Tenderloin Housing Clinic master lease contract

This is one of the ‘master lease’ contracts that Randy Shaw pioneered in which his company, tenderloin Housing Clinic, ‘master leases’ a Single Room Occupancy hotel (SRO) from the owner and assumes almost all responsibility and effectively becomes the new landlord. This contract is usually not public as it is a private agreement between Tenderloin Housing Clinic and a private landlord and is separate from the San Francisco mayors Office of Housing Contract with Tenderloin Housing Clinic to provide services for formerly homeless people

This contract is public because it is included in a lawsuit in which a tenant sued 909 Geary, the Hartland Hotel because of noise nuisance from a bar housed in the building. It was then discovered that 909 Geary, the owner, is not responsible for the other tenants and that Tenderloin Housing Clinic is responsible because of this contract

This kind of ‘master lease’ contract is not very common and has caused initial confusion with attorneys and the press. The latest example being the San Francisco Chronicle which ran a story on the All Star Hotel and was then threatened with a lawsuit by Randy Shaw which resulted in a correction in the Chronicle

While it is true that the Department of Building Inspection only has the owner of the building in it’s records on file, the fact of the matter is that Tenderloin Housing Clinic is responsible for nearly all of the maintenance of the building except for ‘major structural repair or repairs that cost over 10,000 dollars’ because of this master lease contract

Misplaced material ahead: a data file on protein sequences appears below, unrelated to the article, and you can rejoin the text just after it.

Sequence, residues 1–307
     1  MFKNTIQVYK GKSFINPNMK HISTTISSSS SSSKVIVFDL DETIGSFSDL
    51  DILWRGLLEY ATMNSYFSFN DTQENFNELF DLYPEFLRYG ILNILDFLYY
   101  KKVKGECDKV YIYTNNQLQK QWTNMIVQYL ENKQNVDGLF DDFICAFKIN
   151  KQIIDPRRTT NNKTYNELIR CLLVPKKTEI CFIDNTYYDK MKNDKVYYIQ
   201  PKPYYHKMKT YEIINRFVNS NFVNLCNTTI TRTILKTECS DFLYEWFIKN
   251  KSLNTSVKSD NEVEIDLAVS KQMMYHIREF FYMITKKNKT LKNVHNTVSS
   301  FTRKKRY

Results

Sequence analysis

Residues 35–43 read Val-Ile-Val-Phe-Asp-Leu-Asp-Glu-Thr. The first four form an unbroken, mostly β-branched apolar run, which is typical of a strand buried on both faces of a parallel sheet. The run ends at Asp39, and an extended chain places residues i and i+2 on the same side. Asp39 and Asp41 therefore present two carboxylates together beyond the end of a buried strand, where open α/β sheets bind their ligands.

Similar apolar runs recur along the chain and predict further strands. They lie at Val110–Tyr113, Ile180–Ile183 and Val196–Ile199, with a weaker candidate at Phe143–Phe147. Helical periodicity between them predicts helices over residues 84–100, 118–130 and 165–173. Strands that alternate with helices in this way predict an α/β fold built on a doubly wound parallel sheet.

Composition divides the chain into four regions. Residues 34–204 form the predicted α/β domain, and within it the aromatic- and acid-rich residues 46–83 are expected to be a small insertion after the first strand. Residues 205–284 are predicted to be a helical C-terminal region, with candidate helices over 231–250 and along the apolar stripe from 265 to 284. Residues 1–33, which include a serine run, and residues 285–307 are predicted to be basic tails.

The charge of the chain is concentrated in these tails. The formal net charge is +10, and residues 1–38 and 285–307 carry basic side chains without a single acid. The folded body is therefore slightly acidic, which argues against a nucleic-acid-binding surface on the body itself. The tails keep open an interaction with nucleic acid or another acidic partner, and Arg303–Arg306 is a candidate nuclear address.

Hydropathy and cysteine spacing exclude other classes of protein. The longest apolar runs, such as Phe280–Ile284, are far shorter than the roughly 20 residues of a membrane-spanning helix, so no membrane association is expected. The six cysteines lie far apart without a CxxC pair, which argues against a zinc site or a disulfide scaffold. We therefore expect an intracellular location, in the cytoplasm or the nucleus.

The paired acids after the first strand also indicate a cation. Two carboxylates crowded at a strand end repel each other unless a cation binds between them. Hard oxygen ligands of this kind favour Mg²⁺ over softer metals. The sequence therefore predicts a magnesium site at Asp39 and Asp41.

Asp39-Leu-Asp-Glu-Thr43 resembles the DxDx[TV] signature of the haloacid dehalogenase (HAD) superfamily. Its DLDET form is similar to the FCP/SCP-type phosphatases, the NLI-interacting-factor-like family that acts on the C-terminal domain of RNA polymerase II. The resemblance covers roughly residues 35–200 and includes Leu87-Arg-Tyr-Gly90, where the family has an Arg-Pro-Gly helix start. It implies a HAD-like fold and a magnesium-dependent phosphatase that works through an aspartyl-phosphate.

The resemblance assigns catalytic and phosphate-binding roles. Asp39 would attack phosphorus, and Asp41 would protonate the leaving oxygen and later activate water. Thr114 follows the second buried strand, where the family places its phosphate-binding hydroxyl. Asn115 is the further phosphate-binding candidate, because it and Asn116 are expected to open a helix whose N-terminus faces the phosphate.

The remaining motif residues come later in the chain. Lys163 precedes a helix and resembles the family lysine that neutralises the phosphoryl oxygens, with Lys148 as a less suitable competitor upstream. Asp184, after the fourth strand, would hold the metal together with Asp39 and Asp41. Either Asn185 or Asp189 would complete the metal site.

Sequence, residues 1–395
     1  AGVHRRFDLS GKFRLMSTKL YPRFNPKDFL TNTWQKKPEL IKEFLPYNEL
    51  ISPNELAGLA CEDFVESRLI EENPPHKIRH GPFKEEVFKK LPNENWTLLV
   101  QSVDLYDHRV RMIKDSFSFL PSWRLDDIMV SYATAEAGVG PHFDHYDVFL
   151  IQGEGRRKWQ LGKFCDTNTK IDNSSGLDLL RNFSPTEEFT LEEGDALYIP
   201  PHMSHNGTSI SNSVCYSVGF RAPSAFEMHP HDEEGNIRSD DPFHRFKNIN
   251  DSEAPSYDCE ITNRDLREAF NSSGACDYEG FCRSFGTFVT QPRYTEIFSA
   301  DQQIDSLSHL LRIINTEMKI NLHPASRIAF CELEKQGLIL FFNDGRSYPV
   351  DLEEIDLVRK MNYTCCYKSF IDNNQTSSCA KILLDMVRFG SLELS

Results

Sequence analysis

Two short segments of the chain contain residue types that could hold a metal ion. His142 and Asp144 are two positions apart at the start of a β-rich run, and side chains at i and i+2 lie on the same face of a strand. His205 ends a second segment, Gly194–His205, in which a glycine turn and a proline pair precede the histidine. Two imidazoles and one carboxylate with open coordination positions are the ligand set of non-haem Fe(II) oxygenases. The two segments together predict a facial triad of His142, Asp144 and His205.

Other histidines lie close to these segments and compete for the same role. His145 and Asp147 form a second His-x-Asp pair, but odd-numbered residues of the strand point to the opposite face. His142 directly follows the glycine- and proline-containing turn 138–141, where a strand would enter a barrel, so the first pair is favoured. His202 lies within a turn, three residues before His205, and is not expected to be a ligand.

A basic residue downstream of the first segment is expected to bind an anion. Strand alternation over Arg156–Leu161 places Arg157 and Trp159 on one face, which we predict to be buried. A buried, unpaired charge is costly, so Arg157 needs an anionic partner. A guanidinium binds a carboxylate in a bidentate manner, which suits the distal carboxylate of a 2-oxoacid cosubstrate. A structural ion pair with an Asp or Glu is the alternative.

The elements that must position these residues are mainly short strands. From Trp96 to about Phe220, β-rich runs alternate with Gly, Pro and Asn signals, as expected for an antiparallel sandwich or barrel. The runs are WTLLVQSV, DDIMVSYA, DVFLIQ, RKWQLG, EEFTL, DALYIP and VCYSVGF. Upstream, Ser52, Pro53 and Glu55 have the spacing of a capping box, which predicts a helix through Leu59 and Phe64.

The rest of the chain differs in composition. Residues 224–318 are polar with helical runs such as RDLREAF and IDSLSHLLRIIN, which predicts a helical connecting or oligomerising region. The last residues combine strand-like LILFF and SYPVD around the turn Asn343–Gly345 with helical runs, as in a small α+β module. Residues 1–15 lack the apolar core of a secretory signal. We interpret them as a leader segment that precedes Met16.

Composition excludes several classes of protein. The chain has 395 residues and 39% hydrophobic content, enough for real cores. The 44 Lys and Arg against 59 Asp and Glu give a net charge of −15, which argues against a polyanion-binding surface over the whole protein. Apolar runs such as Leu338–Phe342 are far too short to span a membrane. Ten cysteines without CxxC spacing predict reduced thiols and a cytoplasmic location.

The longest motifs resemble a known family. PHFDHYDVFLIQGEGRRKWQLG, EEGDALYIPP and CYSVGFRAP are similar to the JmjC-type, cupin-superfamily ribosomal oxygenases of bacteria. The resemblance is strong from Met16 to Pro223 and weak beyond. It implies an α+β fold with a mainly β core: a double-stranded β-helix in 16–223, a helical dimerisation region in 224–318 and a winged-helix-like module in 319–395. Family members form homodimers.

The contract is very clear about what the responsibilities of Tenderloin Housing Clinic are and spells out that THC is in fact responsible for 99% of the complaints that arrive at DBI. DBI doesn’t know this because all they have is the owners name on file. But even if the owner gets the complaint, the owner just passes it to THC because of this contract

Tenderloin Housing Clinic even goes so far as to rehabilitate rooms, by installing new tiles and repainting, tearing out carpets and installing new tiling in public areas, all paid for with city funds. THC has even installed entire community kitchens in the buildings, paid for with city funds, so that there is significant capital improvements to the privately owned buildings done with public money. This means that if the contracts ever get cancelled, the private owner has just walked away with free capital improvements to his building paid for with your tax dollars

And now for the first time in public, here is one of the ‘master lease’ contracts between Tenderloin Housing Clinic and the owner of 909 Geary. The actual contract starts on page 15

Tenderloin.housing.clinic.master.lease.indemnity by Jeff Webb

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